The General Assembly has authorized the creation of the Connecticut Pension Sustainability Commission which is tasked in 2018 to evaluate a potentially significant solution for funding State’s pension liabilities: the in-kind contribution of the state’s real assets. Connecticut has $33.8 billion in underfunded pensions and our five largest cities owe another $2.1 billion. These liabilities, coupled with other legacy obligations like retiree health care and bond debt service, are the source of the “crowding out” problem with the state’s budget – as well as municipal budgets – that makes our structural deficits so maddeningly difficult to reverse.
Whatever is illegal and immoral becomes legal and moral in direct proportion to local, state, and federal governments’ needs for tax revenues. Therein lies Congress’s solution to the DACA debate. All it has to do is declare immediately all “Dreamers” as legal immigrants and levy a special tax against them for the privilege of being legitimized.
Last Wednesday marked the beginning of the 2018 legislative session in Connecticut, and a new opportunity to steer our state in the right direction. To that end, the Connecticut Working Families Organization released its 2018 legislative agenda, a series of concrete and common sense policy recommendations designed to spur economic growth by empowering workers, reducing inequality, and increasing regional competitiveness. For Connecticut’s economy to grow, we need to create the conditions that make success possible for the vast majority of working class families in our state, just as many of our neighboring states have already done.
As we enter the second year of the Trump administration, the president’s inability to advance a firm, coherent U.S. position toward Russia persists despite a torrent of belligerent behavior by the Kremlin toward the West. Indeed, on the day he announced a new national security strategy that purported to challenge Russia, President Donald Trump could not help but publicly exult about the unctuous phone call he had received from Russian President Vladimir Putin the day before.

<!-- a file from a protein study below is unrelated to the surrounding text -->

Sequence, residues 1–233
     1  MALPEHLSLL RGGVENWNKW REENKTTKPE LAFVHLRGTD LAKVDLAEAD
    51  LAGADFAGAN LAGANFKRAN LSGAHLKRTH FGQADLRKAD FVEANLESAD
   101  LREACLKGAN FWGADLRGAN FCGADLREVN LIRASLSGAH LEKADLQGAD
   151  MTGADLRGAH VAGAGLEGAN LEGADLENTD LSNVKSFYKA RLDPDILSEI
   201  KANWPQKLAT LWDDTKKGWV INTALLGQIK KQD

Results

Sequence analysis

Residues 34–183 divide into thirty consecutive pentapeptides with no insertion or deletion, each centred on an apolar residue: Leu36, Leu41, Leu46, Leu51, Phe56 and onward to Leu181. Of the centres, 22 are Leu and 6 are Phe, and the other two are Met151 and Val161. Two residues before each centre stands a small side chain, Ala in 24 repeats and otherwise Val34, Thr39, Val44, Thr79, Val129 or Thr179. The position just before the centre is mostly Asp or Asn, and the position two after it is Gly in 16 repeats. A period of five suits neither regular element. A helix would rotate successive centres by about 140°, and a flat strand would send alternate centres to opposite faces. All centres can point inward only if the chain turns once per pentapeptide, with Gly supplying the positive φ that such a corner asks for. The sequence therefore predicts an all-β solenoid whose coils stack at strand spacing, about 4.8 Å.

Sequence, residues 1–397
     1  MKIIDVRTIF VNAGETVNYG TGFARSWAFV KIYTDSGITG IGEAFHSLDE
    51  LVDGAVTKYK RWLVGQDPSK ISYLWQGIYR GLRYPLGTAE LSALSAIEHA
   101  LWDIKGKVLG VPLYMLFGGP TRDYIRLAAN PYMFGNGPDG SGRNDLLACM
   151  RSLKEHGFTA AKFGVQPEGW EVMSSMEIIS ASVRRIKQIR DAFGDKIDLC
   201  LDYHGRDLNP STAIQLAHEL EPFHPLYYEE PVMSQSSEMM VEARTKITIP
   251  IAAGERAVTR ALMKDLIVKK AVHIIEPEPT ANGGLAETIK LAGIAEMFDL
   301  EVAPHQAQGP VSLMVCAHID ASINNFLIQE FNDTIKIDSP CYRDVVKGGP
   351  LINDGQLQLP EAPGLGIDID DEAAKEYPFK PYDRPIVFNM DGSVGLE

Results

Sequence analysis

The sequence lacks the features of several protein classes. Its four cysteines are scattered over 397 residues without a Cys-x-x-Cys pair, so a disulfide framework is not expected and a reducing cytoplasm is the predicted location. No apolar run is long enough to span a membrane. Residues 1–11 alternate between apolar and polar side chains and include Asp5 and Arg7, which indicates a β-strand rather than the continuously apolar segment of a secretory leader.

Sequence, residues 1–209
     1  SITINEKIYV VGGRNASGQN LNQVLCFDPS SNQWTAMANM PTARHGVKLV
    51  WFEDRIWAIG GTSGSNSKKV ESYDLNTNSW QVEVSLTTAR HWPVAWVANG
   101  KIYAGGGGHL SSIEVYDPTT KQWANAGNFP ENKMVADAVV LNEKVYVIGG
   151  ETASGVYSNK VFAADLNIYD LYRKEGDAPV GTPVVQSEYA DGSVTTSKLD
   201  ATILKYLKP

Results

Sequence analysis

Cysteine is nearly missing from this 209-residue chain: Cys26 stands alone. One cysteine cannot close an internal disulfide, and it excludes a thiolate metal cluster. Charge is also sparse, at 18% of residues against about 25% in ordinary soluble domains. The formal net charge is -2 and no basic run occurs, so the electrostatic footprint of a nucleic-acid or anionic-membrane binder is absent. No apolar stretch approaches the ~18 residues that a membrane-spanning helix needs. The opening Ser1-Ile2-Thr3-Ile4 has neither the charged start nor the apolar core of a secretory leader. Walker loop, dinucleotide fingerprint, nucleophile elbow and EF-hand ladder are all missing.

The “Students First” plan proposed by the CSCU Board of Regents, intended to save $28 million by consolidating the state’s 12 community colleges, has engendered frustration among system faculty due to the lack of visible research or analysis proving that the plan will realize the projected savings. Faculty, therefore, were taken by surprise when a recent CT Mirror article reported that the accrediting agency, the New England Association of Schools and Colleges, had given feedback on a draft plan for the Students First initiative submitted to it by the Board of Regents.
Much has been said and written about the state of nonprofits in Connecticut and the impact on services being provided to many of our must vulnerable citizens. Nonprofits providing human service exist to partner with government – the one of the people and by the people and for the people– to look out for those most in need, helping government and our society to fulfill one of its most basic obligations. I know we can parse around the edges about what being “in need” means. Some have more restrictive definitions than others, but in the end it’s our collective sense of common humanity that brings most of us together in solidarity and collaboration to be there for folks who, often through no fault of their own, turn to nonprofits for help.